Eventually, the hedgehogs are released into the wild, which can be a slower, staged process for the creatures which have been with Animals In Need for a longer time.
The charity is currently looking for volunteers who can help provide a safe piece of land to help in the staged hedgehog release programme in the spring.
Ian said: “We don’t want to just dump them out in the wild. If it is a road casualty who is just a bit dazed and who we have had for a week and it recovers then it can go straight out into the wild. Some of the hedgehogs we have had since they were tiny babies. They have all the natural instincts they need but would need more adaptation.
“In that case we use a ‘soft’ release; somewhere we can put them and keep our eye on them for a while. Then we can release them into the wild.
“Soft release sites aren’t easy to find as we need people to be able to offer places such as an enclosed garden where they can be kept in a run. They can make sure it is eating and then give it the free range of the garden before letting it go.
“We have 30 hedgehogs in at the moment and in a month or two we will need more release sites so we need local people with the right gardens to take a hedgehog in for a few days to help get it out into the wild.”
Anyone who can assist with a piece of land for hedgehog releases can ring 01933 278080.
-A recent report (The State of Britain’s Hedgehogs) shows that numbers have dropped by 25 per cent in the last 10 years.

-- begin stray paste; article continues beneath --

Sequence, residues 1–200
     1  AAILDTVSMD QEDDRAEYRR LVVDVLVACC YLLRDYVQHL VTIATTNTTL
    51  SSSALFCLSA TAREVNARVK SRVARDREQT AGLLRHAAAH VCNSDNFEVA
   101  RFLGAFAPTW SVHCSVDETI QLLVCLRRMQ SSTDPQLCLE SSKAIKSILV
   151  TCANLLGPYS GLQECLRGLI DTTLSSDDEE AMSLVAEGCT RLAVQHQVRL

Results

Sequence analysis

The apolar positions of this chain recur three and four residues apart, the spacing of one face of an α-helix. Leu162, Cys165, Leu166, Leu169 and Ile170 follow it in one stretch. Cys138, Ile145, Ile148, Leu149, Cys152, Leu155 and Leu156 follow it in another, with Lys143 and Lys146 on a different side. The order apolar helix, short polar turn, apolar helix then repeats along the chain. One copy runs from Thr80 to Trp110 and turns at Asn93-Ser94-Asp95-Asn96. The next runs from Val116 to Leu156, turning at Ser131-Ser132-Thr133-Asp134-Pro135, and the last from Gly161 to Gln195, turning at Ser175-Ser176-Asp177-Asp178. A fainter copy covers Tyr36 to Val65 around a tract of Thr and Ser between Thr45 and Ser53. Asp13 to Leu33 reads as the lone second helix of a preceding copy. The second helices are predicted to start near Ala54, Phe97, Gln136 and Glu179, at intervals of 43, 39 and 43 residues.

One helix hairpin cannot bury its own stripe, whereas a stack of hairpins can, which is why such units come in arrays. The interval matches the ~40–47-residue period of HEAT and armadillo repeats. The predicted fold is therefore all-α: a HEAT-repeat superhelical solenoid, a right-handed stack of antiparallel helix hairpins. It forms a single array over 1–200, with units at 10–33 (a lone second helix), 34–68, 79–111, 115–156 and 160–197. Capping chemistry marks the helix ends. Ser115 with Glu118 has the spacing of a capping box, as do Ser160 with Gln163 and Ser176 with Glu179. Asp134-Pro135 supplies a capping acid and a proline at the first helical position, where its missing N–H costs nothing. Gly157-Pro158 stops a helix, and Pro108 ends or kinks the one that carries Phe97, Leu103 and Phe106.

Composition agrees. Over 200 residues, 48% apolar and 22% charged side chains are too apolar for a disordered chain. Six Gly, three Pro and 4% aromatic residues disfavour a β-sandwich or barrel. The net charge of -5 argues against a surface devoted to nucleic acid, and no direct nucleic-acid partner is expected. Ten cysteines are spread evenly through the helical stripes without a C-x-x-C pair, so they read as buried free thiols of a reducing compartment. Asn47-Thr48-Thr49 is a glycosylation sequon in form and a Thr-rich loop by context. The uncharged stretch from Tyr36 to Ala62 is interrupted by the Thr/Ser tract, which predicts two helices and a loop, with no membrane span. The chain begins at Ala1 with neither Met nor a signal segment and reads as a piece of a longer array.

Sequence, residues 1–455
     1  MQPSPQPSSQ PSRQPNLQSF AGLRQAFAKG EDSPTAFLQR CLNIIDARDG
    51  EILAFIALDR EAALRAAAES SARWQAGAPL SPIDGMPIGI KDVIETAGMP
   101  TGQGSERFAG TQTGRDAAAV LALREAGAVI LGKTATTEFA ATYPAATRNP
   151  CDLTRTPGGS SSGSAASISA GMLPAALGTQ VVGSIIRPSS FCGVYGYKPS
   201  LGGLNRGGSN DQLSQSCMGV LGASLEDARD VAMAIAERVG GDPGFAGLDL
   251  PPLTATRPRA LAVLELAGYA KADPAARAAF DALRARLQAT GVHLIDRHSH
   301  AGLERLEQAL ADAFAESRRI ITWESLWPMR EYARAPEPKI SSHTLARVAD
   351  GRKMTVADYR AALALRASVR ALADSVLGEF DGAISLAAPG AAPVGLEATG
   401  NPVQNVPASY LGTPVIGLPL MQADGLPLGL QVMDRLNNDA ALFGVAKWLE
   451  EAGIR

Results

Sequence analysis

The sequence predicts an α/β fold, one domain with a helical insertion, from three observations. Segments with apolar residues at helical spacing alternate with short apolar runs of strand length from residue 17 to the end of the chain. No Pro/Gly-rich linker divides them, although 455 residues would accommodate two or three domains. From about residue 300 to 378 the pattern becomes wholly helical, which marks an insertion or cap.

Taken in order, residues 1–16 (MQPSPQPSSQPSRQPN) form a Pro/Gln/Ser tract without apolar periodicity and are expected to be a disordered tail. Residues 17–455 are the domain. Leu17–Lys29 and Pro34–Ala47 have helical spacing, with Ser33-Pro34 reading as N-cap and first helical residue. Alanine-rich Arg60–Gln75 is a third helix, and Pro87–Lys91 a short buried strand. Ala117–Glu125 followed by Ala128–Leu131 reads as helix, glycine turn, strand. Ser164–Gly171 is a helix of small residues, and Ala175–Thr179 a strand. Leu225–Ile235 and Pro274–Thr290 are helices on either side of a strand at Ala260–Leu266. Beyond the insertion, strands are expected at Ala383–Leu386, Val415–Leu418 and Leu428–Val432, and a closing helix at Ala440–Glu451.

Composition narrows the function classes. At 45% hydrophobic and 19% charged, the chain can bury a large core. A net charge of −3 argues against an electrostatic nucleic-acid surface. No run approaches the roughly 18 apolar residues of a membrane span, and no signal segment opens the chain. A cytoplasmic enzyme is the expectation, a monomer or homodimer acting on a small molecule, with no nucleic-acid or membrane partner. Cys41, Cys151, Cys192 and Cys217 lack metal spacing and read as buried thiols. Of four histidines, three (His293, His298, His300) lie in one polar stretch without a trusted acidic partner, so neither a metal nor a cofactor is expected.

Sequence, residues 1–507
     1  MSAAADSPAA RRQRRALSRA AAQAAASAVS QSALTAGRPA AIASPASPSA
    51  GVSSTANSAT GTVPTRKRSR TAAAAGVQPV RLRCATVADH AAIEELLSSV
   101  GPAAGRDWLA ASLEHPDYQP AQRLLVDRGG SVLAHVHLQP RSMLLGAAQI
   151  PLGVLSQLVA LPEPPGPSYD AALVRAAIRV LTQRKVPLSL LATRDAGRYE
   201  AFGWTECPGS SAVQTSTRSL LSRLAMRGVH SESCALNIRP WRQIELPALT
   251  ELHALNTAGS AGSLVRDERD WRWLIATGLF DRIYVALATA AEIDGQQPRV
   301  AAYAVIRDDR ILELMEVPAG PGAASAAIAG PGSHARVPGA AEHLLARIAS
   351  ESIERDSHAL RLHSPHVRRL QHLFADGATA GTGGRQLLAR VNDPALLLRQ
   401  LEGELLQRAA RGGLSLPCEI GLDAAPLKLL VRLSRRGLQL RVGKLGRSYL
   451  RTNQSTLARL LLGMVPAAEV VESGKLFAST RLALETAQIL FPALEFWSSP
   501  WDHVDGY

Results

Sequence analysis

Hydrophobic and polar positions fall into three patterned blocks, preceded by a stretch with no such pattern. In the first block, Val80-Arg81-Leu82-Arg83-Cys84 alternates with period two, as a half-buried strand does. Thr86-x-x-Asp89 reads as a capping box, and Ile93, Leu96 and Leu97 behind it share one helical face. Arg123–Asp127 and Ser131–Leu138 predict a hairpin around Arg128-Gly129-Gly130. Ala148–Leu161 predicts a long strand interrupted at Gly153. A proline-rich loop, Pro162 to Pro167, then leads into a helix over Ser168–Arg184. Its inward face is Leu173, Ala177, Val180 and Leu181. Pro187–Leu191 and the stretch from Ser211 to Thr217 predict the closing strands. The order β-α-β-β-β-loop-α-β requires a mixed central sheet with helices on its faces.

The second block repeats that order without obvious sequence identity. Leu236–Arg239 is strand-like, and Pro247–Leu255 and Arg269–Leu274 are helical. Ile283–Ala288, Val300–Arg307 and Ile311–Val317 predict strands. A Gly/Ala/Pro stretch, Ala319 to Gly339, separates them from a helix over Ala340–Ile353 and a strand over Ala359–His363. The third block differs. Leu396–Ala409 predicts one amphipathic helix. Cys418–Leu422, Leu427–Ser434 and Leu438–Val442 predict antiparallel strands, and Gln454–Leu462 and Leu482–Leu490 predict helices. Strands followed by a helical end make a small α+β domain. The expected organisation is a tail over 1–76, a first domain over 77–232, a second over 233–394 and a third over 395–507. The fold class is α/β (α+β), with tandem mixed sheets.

-Hedgehogs will usually hibernate from late November onwards, with the majority hibernating after Christmas. A healthy mature hedgehog will build a hibernation nest where they will remain until March.
-Hedgehogs who succeed in hibernating will appear as if dead. If the weather turns very cold, fat reserves come into play to help the body produce more heat.
-Any hedgehog found hibernating should be left alone, no matter what is happening with the weather.
-It is believed that hedgehogs should weigh 600 grams to survive the tough hibernation period.
-Hedgehogs are nocturnal so any hedgehog seen out during the day is likely to be in trouble and should be taken to a Wildlife Rescue Centre.
-Hedgehogs usually eat beetles, worms, slugs or snails. In milder weathers when hedgehogs are likely to be found, people can offer hedgehogs good quality tinned meat such as dog or cat food and water to drink. They must not be given milk.
-Gardeners should take care not to fork over compost heaps in case hedgehogs have taken up residence.
-According to the Tiggywinkles Wildlife Hospital Trust, gardeners should leave some areas of wilderness in their gardens where hedgehogs can snuffle insects.
-The organisation also advises people not to use slug pellets or other chemicals as these can poison hedgehogs.
-According to Tiggywinkles, if a hedgehog is found sleeping out in the open, away from a nest, it is not hibernating but possibly suffering from hypothermia and will need attention. The advice is to take it inside, place it on a towel-wrapped, warm hot water bottle and wait for it to move. If it doesn’t, it may have died. If the animal is alive, more assistance can be sought from a local wildlife rescue centre.